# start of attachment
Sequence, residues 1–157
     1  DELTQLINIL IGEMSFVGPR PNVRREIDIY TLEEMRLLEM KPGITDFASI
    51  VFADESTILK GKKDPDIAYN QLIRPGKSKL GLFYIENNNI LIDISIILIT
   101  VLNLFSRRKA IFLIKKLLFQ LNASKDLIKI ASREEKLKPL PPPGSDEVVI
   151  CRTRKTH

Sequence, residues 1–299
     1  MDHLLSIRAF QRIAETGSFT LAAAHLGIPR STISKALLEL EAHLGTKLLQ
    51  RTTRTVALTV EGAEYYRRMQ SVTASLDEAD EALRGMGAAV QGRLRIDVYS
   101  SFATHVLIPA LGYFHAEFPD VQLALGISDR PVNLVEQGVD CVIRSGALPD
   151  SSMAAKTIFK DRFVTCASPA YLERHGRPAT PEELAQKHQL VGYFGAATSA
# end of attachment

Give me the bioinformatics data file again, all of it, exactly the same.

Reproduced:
Sequence, residues 1–157
     1  DELTQLINIL IGEMSFVGPR PNVRREIDIY TLEEMRLLEM KPGITDFASI
    51  VFADESTILK GKKDPDIAYN QLIRPGKSKL GLFYIENNNI LIDISIILIT
   101  VLNLFSRRKA IFLIKKLLFQ LNASKDLIKI ASREEKLKPL PPPGSDEVVI
   151  CRTRKTH

Sequence, residues 1–299
     1  MDHLLSIRAF QRIAETGSFT LAAAHLGIPR STISKALLEL EAHLGTKLLQ
    51  RTTRTVALTV EGAEYYRRMQ SVTASLDEAD EALRGMGAAV QGRLRIDVYS
   101  SFATHVLIPA LGYFHAEFPD VQLALGISDR PVNLVEQGVD CVIRSGALPD
   151  SSMAAKTIFK DRFVTCASPA YLERHGRPAT PEELAQKHQL VGYFGAATSA